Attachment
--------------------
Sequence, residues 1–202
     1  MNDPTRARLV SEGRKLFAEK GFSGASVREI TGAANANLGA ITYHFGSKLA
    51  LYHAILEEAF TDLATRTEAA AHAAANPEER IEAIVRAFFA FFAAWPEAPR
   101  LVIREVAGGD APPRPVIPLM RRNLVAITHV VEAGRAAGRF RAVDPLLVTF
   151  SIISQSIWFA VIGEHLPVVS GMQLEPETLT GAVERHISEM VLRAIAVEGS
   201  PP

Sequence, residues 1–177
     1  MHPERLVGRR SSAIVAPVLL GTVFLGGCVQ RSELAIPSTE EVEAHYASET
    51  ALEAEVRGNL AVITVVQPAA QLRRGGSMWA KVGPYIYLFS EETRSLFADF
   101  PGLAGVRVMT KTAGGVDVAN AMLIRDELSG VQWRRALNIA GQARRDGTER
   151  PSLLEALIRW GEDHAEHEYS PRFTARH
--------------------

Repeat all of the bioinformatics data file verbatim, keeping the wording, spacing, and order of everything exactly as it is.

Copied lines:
Sequence, residues 1–202
     1  MNDPTRARLV SEGRKLFAEK GFSGASVREI TGAANANLGA ITYHFGSKLA
    51  LYHAILEEAF TDLATRTEAA AHAAANPEER IEAIVRAFFA FFAAWPEAPR
   101  LVIREVAGGD APPRPVIPLM RRNLVAITHV VEAGRAAGRF RAVDPLLVTF
   151  SIISQSIWFA VIGEHLPVVS GMQLEPETLT GAVERHISEM VLRAIAVEGS
   201  PP

Sequence, residues 1–177
     1  MHPERLVGRR SSAIVAPVLL GTVFLGGCVQ RSELAIPSTE EVEAHYASET
    51  ALEAEVRGNL AVITVVQPAA QLRRGGSMWA KVGPYIYLFS EETRSLFADF
   101  PGLAGVRVMT KTAGGVDVAN AMLIRDELSG VQWRRALNIA GQARRDGTER
   151  PSLLEALIRW GEDHAEHEYS PRFTARH